Confession: When I graduated from college, I couldn’t find a job. Given the lack of options at hand, I boldly went where far too many graduates have gone before. I took a job as a beverage cart girl at Cowboy’s Golf Course. Yeah…Hey, I can hear you snickering! Moving on! So there I was, the day before Thanksgiving, driving my beverage cart up to the next hole when a pack of turkeys bolted across tee box number four, gobbly gobbeling at the top of their lungs. True story.
I checked the news to see if the pack might have been escapees from an overturned turkey truck somewhere, but no. They were real, wild turkeys. The next day I gathered around the family table. Unfortunately, my turkey encounter was the highlight of the meal. At least, it certainly wasn’t the food. My mom made “healthy” versions of our fave dishes, including pecan pie with stevia . . . blech! **We defined healthy differently back then***
Where was I? Right. Health. Now, I am all for healthy food, but there are some things that just shouldn’t be messed with. Like pie. And green bean casserole, stuffing, candied yams, cranberry sauce and gravy. Or should they?
Jenny at Nourished Kitchen has created a holiday cooking course featuring our favorite recipes real food style. And she’s giving away a FREE Mini-Lesson to prepare you for Thanksgiving! No refined flours, sweeteners, or oils. Just whole, nourishing ingredients. Unlike the stevia pie debacle, these recipes will undoubtedly melt in your mouth. Jenny is my FAVORITE real food blogger for one reason: Her recipes never fail me. Like, um, never. If she says I make healthy sugar cookies (class #3) that will delight my little ones, I know I can.
When Katie grows up and moves away I want to give her a recipe book filled with photos and handwritten memories: The carrot cake we made for her first birthday, her favorite rye crackers, fig canapes and more. Wherever she goes, she will be able to recreate a little bit of home. Unfortunately, most of the recipes from my childhood are full of JUNK.
Until now I’ve been able to eat the junk and leave it off her plate. But she’s old enough to notice now and it’s time to make a change. Tis’ the season for sugar cookies, pumpkin pies, and buttermilk gingerbread. We’ll doing the whole nine yards with Jenny’s help.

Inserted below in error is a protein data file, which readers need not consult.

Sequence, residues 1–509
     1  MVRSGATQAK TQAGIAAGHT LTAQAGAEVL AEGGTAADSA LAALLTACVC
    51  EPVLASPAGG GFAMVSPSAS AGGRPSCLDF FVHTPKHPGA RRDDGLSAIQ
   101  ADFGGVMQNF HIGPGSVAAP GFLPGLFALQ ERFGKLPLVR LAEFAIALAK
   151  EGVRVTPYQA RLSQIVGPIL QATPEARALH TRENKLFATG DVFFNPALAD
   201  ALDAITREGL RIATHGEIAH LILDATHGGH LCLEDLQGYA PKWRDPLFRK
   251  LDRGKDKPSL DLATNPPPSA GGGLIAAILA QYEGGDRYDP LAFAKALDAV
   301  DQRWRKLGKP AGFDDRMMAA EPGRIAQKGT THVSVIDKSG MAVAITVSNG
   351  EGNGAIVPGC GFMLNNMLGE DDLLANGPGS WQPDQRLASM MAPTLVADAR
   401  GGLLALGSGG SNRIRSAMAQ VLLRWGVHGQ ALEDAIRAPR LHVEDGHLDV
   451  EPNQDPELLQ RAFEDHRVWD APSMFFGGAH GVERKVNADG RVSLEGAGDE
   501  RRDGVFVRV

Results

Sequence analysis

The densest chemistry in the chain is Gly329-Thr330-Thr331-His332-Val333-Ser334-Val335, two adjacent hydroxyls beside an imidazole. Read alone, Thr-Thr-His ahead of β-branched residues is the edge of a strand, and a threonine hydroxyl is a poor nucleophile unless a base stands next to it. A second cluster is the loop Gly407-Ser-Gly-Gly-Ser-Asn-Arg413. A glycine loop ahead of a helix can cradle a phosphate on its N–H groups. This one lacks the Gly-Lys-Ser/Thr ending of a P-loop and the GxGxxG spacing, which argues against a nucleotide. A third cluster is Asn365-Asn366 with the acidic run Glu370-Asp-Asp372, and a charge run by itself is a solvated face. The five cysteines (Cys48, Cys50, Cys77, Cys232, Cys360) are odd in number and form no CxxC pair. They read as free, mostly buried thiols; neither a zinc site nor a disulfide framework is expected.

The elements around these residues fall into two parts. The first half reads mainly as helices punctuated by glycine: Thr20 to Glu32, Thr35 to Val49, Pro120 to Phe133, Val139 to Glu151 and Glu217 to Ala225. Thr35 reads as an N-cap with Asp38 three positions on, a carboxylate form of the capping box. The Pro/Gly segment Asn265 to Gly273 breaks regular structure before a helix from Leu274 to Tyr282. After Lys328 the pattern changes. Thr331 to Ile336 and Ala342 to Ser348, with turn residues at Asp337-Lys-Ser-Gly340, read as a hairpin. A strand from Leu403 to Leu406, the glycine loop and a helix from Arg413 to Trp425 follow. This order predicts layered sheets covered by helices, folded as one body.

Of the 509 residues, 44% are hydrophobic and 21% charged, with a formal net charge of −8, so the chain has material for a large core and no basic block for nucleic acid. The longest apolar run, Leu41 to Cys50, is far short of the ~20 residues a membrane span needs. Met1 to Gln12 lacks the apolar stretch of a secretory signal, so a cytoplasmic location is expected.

The full course includes more than 50 menus and more than 175 holiday recipes, plus shopping tips and video tutorials. You can pay to get the whole course (10 classes for $89). Use coupon code NK20 for 20% off
Sign up for individual classes at just $15 each.
Registration ends November 30, so go check out the classes and see what churns your butter.
Disclosure: I am an affiliate of Nourished Kitchen. Jenny is my favorite food blogger, but even though I send her fan mail I still have to pay for my classes ; – )Read More »
This creamy, luxurious bisque is full of vital nutrients like selenium, vitamin B12 and phosphorous. I’m telling you now, but I promise the first time your spoon touches your lips you’ll be thinking “Phospor what??? Who cares, I’m going to need a bigger bowl!!”
Note: This is a copycat recipe of the Crawfish Bisque from Pappadeaux Seafood Kitchen. I worked there when I was in college . . . and yes, I befriended the cook.
To boil shrimp:
To make the bisque:
Remember this difficult day as told by Daddypotamus? I’m kind of living it over again except it’s not our house this time. Sometimes we choose change . . . sometimes it chooses us. In this instance, change has come faster and harder than we were prepared for. I need to watch this unfold a bit more before I decide what I think about it all. When I know you’ll know. Deal?
Although The Bump’s Mommy Blog Contest was extended and I have not technically lost, I think I’ve spammed you enough with vote requests. THANK YOU for all your support. Yes, I saw you up last night doing last minute campaigning. I was up way too late trying to process coming changes, and there you were, stumping for me. And there I was, sitting in my living room alone . . . realizing that I am not alone at all. Thank you. Your kindness makes winning or losing an afterthought.
Our family is a bit emotionally frazzled right now, and in dire need of an extra nap or twelve. I’m taking the day to recharge for an unexpectedly challenging holiday season. See you soon.Read More »
[info_box]This sleep miracle was brought to you by Angela Aitken, who first shared this book with me on THAT Mom. Angela is just one of the many women here that have inspired, taught, and encouraged me. Thank you! [/info_box]
In a previous post I wrote about the disastrous results of attempting the 90 Minute Baby Sleep Program without, ahem, actually reading the book. Well, when the book FINALLY arrived I decided not to bother with it. My baby couldn’t stay awake for 90 minutes, so the theory was just another unhelpful fad . . . end of discussion, right?